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Study Says 'Assault Weapon' Bans Don't Work

A newly released academic study suggests states that ban so-called “assault weapons” and restrict concealed carry rights have more gun-related murders than states who do not, adding to earlier research that claims more guns among law abiding citizens decreases overall violent crime.

The study by economist Mark Gius and published in the journal Applied Economics Letters, suggests restricting concealed carry rights can increase the gun-related murder rate by 10 percent. The research also shows that during the federal assault weapons ban — which was in force between 1994 and 2004 — the gun-related murder rate increased almost 20 percent.

“These results suggest that, even after controlling for unobservable state and year fixed effects, limiting the ability to carry concealed weapons may cause murder rates to increase,” Gius writes.

“I kept thinking this can’t be right, so I kept running it and running it, and it came out the same,” Gius added in an interview. “Restrictive concealed carry laws don’t have the effect they’re intended to have.”

The research further suggests that restrictions on AR-style rifle ownership since the 1994 assault weapons ban expired has an “insignificant” impact on gun-related murder rates. In 2012 there were only 322 rifle-related murders out of about 9,000 that involved guns, according to the FBI.

“So even if you factored out all of the murders with rifles, you’d barely touch the murder rate,” Gius says.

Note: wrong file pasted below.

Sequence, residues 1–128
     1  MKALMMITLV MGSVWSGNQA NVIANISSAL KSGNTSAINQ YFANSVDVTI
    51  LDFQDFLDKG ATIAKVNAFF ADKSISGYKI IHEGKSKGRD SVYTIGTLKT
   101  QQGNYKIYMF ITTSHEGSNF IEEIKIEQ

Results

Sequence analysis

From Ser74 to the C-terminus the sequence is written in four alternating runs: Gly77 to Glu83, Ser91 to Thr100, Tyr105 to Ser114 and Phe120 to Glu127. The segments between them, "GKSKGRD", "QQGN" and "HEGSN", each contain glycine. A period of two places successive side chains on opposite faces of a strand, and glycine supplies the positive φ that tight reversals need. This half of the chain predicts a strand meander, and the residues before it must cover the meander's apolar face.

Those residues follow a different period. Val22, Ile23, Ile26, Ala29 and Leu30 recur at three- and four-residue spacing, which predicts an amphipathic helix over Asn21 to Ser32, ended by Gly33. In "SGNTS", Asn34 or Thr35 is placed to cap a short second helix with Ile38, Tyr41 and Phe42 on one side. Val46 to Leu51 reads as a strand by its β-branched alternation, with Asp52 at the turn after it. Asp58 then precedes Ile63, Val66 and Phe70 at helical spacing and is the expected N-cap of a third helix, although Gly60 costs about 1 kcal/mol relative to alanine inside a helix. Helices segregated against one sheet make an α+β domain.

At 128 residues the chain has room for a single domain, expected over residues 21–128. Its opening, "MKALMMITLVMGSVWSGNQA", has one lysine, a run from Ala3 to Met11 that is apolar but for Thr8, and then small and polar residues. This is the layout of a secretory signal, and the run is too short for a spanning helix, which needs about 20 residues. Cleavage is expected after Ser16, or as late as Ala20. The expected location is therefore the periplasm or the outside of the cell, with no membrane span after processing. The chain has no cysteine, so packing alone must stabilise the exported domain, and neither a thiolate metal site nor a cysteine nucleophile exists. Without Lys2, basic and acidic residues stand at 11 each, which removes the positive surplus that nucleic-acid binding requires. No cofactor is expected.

An economics professor at Quinnipiac University in Connecticut, Gius examined a variety of crime and demographic data over a thirty year period beginning in 1980 — a statistical look that represents “one of the longest time periods examined in any research on assault weapons bans or CCW laws.”

The research considered various socioeconomic data and demographics, but it is one of the first to limit the results to how gun laws affect a state’s gun-related murder rate.

“The use of this crime rate is important because most other studies looked at violent crime rates or homicide rates,” Gius writes. “Violent crime rate data is not disaggregated into gun-related violent crime and non gun violent crime, and homicides include justifiable killings and state-sanctioned killings; hence, an analysis using these types of crime rates may result in spurious conclusions.”

But Gius was careful to say that there’s still research to be done in order to determine a closer correlation between restrictive gun laws and murder rates.

“I try to always say there’s a lot of crime out there that can’t be addressed by these [gun] laws,” he says. “But my findings were pretty consistent with lots of research in this area.”

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